Tell No One

In a summer of CGI effects and comic book super-heroes, mature film lovers are longing for an ultra-classy intelligent thriller. Your wait is over. Tell No One, the highly praised French version of the American-authored international bestseller, has finally come to a local theatre, the Fine Arts in downtown Asheville.

Tell No One is based on Harlan Coben’s compelling 2001 tale of loss and redemption, set in New York. The move to France, and the changes the film’s young director Guillaume Canet (Mon Idole) made in the plot, are perfect—there’s good reason the movie won four Césars (the French Oscar). All the performances are extraordinary, the cinematography is gorgeous and the sound track is both catchy and uncanny. There are no loopholes in the finely wrought script, but there are subtle clues, so you’ll have to pay attention. Just remember the themes: everyone has secrets, the highest levels of society are linked to the lowest, and family is the tightest bond.

Tell No One is told in a sophisticated, often languorous style, relying on visuals more than dialogue. Thus, those who are leery of movies with subtitles should have no problem with this film. Since the relationships between the characters are crucial to understanding the plots twists, here’s an overview.

Dr. Alex Beck (Françoise Cluzet, Rivals) and his beloved wife Margot (Marie-Josée Croze, The Diving Bell and the Butterfly) were inseparable since childhood. Shortly after their marriage, in the forest where they carved their initials in a tree, Alex is knocked unconscious and Margot is brutally murdered. While Alex lay in a coma for three days, Margot’s father, Jacques (Andre Dussolier, Coeurs), a local cop now retired, identified her body and supervised having it readied for cremation. The crime is blamed on a serial killer.

Eight years later, now a busy pediatrician in a clinic for the poor, Alex still grieves inconsolably. Since his father died years ago in a hunting accident, Alex’s world of adults is a narrow one. He has a take-charge friend, Hélène (Kristin Scott-Thomas, The English Patient), who is the lover of his sister, Anne (Marina Hands, The Diving Bell and the Butterfly), a budding horse riding champion who practices on the nearby estate of the powerful aristocratic, Gilbert Neuville (Jean Rochefort, Mr. Bean’s Holiday). Neuville is also grieving because his son Philippe (played by the film’s director, Guillaume Canet) was murdered shortly before Margot was and the killer was never identified.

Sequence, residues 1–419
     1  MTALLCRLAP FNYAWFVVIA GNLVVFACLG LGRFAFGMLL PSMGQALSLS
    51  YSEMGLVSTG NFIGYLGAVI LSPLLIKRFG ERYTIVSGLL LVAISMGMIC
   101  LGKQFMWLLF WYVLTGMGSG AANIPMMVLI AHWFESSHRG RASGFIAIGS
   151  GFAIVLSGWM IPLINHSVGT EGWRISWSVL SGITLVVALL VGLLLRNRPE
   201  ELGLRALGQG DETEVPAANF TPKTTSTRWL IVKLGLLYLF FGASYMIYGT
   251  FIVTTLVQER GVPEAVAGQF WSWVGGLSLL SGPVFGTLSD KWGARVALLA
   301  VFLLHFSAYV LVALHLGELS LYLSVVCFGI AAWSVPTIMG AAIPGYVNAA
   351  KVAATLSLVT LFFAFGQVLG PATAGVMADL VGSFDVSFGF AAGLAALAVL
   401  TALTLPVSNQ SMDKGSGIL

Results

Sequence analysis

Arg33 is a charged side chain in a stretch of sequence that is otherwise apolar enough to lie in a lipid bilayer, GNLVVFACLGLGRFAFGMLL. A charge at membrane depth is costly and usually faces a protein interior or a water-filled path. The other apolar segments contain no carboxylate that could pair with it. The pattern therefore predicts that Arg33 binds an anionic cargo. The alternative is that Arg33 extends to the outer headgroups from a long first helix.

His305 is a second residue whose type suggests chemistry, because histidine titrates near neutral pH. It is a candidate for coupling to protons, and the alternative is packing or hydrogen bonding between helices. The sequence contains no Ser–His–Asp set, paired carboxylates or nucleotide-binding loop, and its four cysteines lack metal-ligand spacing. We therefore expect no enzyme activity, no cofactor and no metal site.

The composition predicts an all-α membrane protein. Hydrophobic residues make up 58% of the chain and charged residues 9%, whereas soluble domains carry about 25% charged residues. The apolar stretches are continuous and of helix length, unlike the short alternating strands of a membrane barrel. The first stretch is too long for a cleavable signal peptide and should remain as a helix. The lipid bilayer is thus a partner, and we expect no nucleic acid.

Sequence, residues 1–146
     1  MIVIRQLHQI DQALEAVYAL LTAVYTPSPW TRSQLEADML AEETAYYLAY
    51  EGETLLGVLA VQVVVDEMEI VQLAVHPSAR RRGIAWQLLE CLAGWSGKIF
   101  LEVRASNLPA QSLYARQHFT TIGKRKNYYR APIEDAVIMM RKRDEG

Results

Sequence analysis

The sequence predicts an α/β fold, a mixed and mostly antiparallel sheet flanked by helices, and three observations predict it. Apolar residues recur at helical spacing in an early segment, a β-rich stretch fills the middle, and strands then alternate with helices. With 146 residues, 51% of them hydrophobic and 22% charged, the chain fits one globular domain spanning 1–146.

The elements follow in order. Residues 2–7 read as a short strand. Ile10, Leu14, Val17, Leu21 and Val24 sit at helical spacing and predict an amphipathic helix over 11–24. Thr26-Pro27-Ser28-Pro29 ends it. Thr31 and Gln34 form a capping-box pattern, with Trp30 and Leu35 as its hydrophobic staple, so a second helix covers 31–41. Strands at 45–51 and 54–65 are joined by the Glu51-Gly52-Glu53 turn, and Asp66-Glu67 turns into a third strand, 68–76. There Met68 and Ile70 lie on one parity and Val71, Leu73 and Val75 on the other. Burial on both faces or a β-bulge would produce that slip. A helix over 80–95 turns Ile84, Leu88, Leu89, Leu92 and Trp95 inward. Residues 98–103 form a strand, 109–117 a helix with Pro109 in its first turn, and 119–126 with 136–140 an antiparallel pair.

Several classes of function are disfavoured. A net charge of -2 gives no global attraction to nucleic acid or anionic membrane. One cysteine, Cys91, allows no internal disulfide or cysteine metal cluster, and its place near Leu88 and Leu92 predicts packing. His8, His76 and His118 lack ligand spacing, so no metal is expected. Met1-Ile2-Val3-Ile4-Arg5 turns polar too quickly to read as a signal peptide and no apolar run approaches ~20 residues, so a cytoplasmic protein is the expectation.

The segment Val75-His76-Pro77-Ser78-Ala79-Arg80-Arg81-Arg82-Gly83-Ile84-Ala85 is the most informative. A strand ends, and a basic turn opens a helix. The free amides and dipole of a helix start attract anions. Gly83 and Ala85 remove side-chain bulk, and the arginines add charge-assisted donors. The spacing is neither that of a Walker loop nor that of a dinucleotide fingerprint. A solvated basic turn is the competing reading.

The newspaper reveals shocking news—the bodies of two men have been unearthed near the spot where Margot was killed. Then Alex receives a soul-wrenching email that seems to come from beyond the grave. “Tell no one,” the message says. “They are watching.” Is Margot really still alive? Who is watching them? Who is keeping them apart?

The police reopen his wife’s murder case and now Alex becomes the prime suspect. While searching for Margot, he must flee not only from the police, but from unknown assailants bent on his annihilation. In desperation, he seeks help from a local thug, Bruno, (Gilles Lelouche, Narco) whose son was his patient. In typical Hitchcockian fashion, Alex goes from naïf to fugitive, from his safe Paris apartment to the dangerous byways of the city’s underworld. There’s no car chase in Tell No One. Instead there’s a phenomenal foot race, including a death-defying rush across the highway that circles Paris. Driven by his love for Margot, Alex eventually discovers why he was told to “tell no one.” and the ending, though told in an old-fashioned confession scene, is a worthy one.

One way to judge a movie is by the quality of its secondary characters and Tell No One is served well by a superb cast of supporting actors. Even more appealing is that many of these characters are women, including a fierce fashionable attorney and an iceberg-cold assassin.

It’s a thriller. It’s a love story. It’s for adults. Don’t miss Tell No One.

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